We honour films and the actors who appear in them. Through star-focused TV programmes like ET, ET Canada, Access Hollywood, and TMZ, to name a few, we invite them into our homes. When no one is looking, we sneakily pack supermarket tabloids like The National Enquirer and Star into our shopping carts while poring over the newest celebrity rumours.

We host Oscar parties similar to Super Bowl parties, and we even wager on or at least publicly state our predictions for the winners of the Academy Awards, Golden Globes, MTV Awards, and other events. Then there are the vintage TV programmes, like “Lifestyles of the Rich and Famous,” that we faithfully turned on and drank in like excellent wine. From March 1984 through September 1995, the programme aired. Such a run! What a notion! We truly had the opportunity to accompany the stars and swoon over their pricey residences, lavish lifestyles, and ideal vacation locations. These days, comparable programmes can be seen on MTV’s “Cribs” and VH1’s “The Fabulous Life of…”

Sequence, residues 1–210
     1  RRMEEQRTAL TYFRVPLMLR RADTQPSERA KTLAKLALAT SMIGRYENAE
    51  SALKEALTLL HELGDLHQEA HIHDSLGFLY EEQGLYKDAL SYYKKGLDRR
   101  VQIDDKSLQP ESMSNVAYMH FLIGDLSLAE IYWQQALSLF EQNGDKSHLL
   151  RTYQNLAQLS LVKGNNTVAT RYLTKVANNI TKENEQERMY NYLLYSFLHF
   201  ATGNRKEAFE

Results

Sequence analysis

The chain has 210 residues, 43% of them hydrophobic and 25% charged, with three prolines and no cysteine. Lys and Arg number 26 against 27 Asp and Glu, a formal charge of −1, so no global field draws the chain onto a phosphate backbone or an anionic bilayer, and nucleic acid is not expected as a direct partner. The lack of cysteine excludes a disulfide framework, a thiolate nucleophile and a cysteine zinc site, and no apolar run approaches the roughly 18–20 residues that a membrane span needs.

You can watch a movie without leaving the comfort of your own home if you prefer to stay at home. The standard cable on your TV or speciality movie channels like Thrill, The Movie Network, HBO, Movie Central, Showtime, Turner Classic Movies, etc. are actually channels for movies. And that’s after you’ve flipped through the TV movie of the week, recorded movies on your PVR or told your kids to go rent a video of one of this week’s new releases from the video store. Oh, and don’t forget that you can purchase films online at Amazon or eBay as well as in your neighbourhood brick and mortar video store.